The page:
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State Of The Union Is Trump's First Major Speech In 2020 Election Cycle

Feb 5, 2019
Originally published on February 5, 2019 7:41 am
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STEVE INSKEEP, HOST:

You can think of tonight's State of the Union speech as a civic ritual. An update on the state of the union is required by the Constitution, and almost everybody who's anybody in government will be there. But this is also the president's first major speech as the 2020 election cycle gets under way. NPR national political correspondent Mara Liasson looks at Trump's position as he gears up for re-election.

MARA LIASSON, BYLINE: Less than two years away from facing the voters again, Donald Trump is stuck. His approval rating, around 40 percent, is steady but not very high. And in several new polls, majorities of voters say they will definitely not vote for him in 2020. Republican strategist Bruce Mehlman says Trump still has a good economy working for him, but he is facing a lot of headwinds.

BRUCE MEHLMAN: He's the first president to never crack 50 in his first two years. The resistance is really energized, and that's part of why you saw the highest midterm turnout since 1914 last November. The economy has been really strong, but it's showing some worrisome signs. Mr. Mueller's report, and or Democratic oversight, will likely make the waters choppier. And voters want change.

LIASSON: Voters want change, and they voted for change in eight of the last 10 federal elections. In 2016, Trump was the change candidate. He made two core promises. One, to be a fighter, to stick to his principles, and when attacked, punch back twice as hard. He's been true to that first promise. But the second one, says political analyst Amy Walter, not so much.

AMY WALTER: The second was, because I'm not a politician, I can get stuff done because I don't follow those silly old rules that those career politicians follow. He's going to be a dealmaker. And not only has that not worked, but he seems to be actively working against making that work.

LIASSON: On top of the stinging rebuke Trump suffered in the midterm elections, there was his bruising losing fight over the government shutdown, triggered by his insistence that Congress fund his border wall. Polls show more voters blame Trump than Democrats for the shutdown for government's failure to perform even its most basic functions. Republican pollster John McLaughlin, who worked on Trump's 2016 campaign, says the president still has the support of his base, but...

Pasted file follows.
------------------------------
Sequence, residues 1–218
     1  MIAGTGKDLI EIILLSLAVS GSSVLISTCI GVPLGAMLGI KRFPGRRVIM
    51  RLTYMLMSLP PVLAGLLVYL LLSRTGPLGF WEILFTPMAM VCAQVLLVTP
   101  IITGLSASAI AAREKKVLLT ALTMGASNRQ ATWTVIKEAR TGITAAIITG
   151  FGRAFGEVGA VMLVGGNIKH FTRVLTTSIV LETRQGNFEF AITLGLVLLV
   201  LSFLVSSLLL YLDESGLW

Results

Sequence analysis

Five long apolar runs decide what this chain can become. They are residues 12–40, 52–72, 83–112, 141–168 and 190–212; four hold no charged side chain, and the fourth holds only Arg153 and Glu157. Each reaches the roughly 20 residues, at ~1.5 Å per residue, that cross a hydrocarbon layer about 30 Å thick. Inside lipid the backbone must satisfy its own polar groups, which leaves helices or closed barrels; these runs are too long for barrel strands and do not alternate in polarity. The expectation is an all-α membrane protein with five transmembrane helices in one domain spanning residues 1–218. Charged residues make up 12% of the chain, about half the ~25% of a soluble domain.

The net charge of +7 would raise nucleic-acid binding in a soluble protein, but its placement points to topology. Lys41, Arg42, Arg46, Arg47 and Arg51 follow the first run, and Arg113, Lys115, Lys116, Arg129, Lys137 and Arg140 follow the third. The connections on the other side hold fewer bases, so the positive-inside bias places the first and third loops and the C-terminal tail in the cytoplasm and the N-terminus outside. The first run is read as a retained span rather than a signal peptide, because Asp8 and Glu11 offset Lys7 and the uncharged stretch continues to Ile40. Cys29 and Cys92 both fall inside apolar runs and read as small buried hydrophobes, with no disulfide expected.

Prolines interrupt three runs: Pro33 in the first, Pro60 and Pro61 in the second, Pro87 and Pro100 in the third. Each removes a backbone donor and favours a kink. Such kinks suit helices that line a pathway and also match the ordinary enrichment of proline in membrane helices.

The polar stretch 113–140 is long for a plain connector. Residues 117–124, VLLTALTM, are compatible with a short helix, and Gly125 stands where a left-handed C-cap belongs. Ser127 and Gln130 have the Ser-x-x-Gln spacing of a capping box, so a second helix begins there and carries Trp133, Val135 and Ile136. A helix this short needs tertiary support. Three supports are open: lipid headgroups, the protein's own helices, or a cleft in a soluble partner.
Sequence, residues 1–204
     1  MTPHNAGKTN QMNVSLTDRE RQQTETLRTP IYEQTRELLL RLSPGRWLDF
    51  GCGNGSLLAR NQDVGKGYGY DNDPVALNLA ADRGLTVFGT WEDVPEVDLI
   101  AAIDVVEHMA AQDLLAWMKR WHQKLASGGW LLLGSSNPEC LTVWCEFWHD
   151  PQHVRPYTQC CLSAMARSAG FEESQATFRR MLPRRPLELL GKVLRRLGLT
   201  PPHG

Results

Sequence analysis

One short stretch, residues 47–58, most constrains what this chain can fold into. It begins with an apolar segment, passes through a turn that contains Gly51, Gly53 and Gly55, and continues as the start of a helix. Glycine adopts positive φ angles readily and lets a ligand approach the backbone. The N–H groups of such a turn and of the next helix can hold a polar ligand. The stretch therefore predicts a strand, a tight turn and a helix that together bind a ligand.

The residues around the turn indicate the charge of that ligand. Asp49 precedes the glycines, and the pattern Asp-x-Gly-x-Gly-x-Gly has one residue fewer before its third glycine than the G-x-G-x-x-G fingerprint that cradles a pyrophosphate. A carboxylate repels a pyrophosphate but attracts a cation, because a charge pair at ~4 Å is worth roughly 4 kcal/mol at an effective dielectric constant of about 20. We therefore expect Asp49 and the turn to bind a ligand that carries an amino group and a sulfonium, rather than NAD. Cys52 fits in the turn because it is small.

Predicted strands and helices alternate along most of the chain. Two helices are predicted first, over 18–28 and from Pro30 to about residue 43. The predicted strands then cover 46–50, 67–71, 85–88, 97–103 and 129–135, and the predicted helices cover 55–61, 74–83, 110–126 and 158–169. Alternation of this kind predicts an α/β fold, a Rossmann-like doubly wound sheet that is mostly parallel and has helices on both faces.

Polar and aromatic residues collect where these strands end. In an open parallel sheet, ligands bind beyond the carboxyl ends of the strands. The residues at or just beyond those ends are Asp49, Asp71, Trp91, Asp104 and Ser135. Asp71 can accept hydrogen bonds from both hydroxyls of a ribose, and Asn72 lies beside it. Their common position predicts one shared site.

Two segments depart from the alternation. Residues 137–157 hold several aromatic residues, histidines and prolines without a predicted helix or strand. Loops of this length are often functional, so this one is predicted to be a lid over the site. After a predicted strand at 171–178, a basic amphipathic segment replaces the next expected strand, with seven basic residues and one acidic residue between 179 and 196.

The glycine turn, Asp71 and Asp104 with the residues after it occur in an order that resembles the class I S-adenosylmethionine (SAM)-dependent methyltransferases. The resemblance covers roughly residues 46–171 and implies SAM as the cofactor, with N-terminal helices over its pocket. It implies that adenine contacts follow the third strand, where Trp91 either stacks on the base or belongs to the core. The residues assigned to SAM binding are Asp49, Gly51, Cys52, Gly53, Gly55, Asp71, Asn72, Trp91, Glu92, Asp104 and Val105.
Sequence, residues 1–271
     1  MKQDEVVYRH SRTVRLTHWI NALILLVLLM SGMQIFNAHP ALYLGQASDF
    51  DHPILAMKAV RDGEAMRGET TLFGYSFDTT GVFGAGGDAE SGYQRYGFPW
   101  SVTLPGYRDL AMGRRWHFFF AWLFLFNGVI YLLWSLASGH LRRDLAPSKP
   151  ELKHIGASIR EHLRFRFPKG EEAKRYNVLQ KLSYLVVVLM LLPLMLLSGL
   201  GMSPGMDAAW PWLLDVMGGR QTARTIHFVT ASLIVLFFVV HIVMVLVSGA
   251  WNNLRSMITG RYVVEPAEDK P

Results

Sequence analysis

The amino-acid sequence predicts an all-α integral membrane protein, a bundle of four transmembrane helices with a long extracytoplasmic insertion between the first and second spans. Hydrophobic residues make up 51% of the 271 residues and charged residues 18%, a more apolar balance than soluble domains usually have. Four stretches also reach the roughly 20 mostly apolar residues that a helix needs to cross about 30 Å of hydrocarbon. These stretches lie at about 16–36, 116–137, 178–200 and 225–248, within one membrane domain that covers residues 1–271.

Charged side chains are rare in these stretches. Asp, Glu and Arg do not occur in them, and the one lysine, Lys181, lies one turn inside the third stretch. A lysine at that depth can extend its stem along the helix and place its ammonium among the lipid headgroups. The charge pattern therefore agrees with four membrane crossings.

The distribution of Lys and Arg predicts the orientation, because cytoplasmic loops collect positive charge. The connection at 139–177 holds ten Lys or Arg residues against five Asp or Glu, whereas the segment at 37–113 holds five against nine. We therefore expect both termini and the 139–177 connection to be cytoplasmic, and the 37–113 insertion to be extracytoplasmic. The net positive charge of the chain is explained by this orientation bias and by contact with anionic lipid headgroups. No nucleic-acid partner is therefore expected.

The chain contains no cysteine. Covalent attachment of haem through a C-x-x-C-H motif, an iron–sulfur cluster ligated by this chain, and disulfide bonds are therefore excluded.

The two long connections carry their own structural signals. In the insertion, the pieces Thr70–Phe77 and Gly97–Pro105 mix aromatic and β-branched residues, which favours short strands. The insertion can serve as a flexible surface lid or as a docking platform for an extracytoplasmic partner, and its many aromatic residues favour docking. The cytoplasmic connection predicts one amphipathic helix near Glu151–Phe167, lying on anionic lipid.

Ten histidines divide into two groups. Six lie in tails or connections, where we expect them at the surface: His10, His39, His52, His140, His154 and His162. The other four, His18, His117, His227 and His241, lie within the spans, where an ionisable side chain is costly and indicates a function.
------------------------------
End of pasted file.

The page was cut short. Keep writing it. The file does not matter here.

JOHN MCLAUGHLIN: He needs to raise his job approval. He needs to bring in more people into his voter coalition. I think the Democrats are trying to contain him because if he gets over 50 percent job approval, as President Obama did, as George W. Bush did, he will get re-elected.

LIASSON: Can Trump climb out of the hole he has mostly dug for himself? Yes, says former Bush administration official Lanhee Chen. Chen says Trump still has plenty of time even though he is currently in a tenuous position.

LANHEE CHEN: I don't think it's a tenuous position without any exit. I think he's got some opportunity to bridge the gap, to raise support amongst independents and moderates. And should he keep that base support, I think he would be a formidable candidate going into the 2020 cycle.

LIASSON: Chen thinks the formula for Trump is to keep fighting for the wall but also go beyond it and offer some olive branches to Democrats. Tonight, for instance, Trump will put forward some policies Democrats could support - an infrastructure plan and a way to curb prescription drug prices.

CHEN: That might be a way for him to garner additional support amongst more moderate voters that potentially are disaffected by the way he's treating the immigration debate.

LIASSON: Even though many of the president's advisers are concerned that he starts the 2020 cycle with a lot of self-inflicted wounds, they console themselves with one important fact. A re-election campaign is not only a referendum on the incumbent. Andy Surabian worked in the Trump White House. Now he's a political adviser to Donald Trump Jr.

ANDY SURABIAN: At the end of the day, politics and elections are typically binary choices, and the biggest gift to Trump is for Democrats to nominate what I call a kneeler, someone who supports kneeling for the national anthem.

LIASSON: In other words, someone on the liberal side of the culture wars that President Trump loves to fight. The Democrats' recent missteps over late-term abortion and the left-wing tilt of the current Democratic field is fueling those Republican hopes. But, says Bruce Mehlman...

MEHLMAN: If the Dems are able to nominate a presidential nominee that appeals to the middle of the country, that's going to be very powerful. But if they go hard left, there is a path for Donald Trump to get re-elected.

LIASSON: And that's why the president, a master marketer who believes in the power of repetition to brand himself or his opponents, has been saying this over and over again.

(SOUNDBITE OF ARCHIVED RECORDING)

PRESIDENT DONALD TRUMP: Super-left Democrats, the radical Democrats, what's going on in that party is shocking.

The Democrats had become radicalized.

It's radical.

Democrats, they've become a radicalized - they really have. They have become a radicalized party.

LIASSON: And that was just in the span of one day. The president clearly has 2020 on his mind. He's talking about it, and he's tweeting about it. And tonight, he'll have the biggest audience he'll have all year to not just define the Democrats but to lay out an affirmative case for himself. Mara Liasson, NPR News, Washington. Transcript provided by NPR, Copyright NPR.